But watch the tv news and a lot of other people who use "obviously". They use it when things aren't obvious at all. More often these days than they use it correctly, IMO.
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First, please let us know in a week or so, if the dryer continues to run. I sure hope that was the needed part. I haven't heard of any self resetting thermal cut out for clothes dryers.
Second, there need to be a big sign. "Abandon obviously, ye who enter here".
. Christopher A. Young Learn about Jesus www.lds.org .
On 9/24/2013 10:06 PM, micky wrote:

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A half a dozen loads later and she's still running strong.
BTW, since replacing the solenoids, I found this at an appliance repair site...
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Darn...forgot to include the URL and now I can't find it.
It was from an on-line parts supplier that had comments from users. One guy posted the same symptoms as me, including the 15 minute wait before the gas would come on again. He said he tried the hi temp sensor and the thermal fuse but the problem wasn't fixed until he replaced the solenoids.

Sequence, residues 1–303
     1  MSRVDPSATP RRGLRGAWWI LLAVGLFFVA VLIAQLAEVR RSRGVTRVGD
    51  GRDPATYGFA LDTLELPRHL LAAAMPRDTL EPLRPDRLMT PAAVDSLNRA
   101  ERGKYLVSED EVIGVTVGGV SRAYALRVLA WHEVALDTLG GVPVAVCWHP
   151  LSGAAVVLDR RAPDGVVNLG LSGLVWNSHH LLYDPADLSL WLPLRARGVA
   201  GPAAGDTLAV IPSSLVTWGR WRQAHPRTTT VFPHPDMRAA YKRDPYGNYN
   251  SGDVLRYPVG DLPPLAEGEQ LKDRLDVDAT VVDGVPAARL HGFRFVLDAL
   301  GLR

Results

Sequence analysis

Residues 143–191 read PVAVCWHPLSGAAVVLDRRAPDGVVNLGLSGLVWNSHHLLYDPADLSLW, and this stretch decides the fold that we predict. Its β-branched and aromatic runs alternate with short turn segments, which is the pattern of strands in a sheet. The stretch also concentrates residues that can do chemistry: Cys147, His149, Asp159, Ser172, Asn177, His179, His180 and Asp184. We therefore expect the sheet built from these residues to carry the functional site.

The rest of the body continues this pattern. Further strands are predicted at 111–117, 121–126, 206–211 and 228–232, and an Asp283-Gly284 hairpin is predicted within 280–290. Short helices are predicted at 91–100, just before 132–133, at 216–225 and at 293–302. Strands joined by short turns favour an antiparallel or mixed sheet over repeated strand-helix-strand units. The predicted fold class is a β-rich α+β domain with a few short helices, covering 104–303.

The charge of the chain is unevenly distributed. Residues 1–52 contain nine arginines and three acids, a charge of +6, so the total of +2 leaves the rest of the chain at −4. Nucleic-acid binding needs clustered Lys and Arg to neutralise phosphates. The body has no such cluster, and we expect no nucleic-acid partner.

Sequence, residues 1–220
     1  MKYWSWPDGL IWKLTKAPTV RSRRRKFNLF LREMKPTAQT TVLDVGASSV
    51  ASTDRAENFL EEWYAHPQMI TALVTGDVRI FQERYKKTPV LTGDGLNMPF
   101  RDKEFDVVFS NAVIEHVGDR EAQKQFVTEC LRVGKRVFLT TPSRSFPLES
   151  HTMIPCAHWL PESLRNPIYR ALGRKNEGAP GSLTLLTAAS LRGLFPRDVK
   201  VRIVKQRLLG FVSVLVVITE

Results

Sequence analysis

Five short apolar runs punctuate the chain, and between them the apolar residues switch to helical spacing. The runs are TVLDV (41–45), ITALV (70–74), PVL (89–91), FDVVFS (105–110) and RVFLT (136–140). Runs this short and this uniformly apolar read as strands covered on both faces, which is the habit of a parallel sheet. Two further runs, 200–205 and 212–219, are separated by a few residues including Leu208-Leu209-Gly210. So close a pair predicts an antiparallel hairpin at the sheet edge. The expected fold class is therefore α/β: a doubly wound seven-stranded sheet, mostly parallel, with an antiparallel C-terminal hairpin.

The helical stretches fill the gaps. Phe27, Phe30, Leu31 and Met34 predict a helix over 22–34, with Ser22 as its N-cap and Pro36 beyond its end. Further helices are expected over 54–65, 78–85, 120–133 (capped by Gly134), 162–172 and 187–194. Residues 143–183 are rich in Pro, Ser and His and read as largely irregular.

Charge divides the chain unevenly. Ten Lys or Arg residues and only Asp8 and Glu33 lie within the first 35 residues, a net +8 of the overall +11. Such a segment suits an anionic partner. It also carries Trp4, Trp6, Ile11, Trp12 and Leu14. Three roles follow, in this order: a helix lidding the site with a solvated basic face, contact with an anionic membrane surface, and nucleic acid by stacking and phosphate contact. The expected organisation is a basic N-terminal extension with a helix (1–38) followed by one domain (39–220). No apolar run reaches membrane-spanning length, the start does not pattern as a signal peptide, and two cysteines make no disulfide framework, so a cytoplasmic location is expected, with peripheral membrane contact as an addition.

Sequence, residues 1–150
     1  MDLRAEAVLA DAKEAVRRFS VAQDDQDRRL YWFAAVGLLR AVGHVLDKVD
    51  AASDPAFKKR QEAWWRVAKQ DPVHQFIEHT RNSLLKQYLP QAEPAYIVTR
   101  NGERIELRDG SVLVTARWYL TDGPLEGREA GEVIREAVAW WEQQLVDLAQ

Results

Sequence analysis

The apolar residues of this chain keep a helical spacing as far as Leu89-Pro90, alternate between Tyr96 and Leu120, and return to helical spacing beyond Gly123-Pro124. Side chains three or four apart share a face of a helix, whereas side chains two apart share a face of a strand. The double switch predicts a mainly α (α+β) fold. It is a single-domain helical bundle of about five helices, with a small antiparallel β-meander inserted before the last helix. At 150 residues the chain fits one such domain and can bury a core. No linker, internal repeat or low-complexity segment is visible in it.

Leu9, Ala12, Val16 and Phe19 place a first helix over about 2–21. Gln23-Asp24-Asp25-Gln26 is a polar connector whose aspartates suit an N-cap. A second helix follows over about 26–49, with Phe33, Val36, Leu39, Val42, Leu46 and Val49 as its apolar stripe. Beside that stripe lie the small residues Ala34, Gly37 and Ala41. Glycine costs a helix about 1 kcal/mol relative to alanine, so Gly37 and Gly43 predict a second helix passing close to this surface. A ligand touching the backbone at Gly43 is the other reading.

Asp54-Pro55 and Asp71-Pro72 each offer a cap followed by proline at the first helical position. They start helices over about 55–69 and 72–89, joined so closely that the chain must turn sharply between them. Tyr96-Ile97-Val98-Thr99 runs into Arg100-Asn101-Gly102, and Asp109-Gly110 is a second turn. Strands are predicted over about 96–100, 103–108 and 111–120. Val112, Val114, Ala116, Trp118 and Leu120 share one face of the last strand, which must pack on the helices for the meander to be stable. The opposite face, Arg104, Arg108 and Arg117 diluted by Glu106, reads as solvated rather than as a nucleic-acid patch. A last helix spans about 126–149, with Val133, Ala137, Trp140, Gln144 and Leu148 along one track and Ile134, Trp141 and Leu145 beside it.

I'm going to keep looking for that URL.
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Check your browsing history, on your PC?
. Christopher A. Young Learn about Jesus www.lds.org .
On 9/28/2013 10:35 PM, DerbyDad03 wrote:

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I found the site on my work PC, I'm home now.
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Excellent. I'm pleased to hear of success. Thanks for writing back.
. Christopher A. Young Learn about Jesus www.lds.org .
On 9/28/2013 9:43 PM, DerbyDad03 wrote: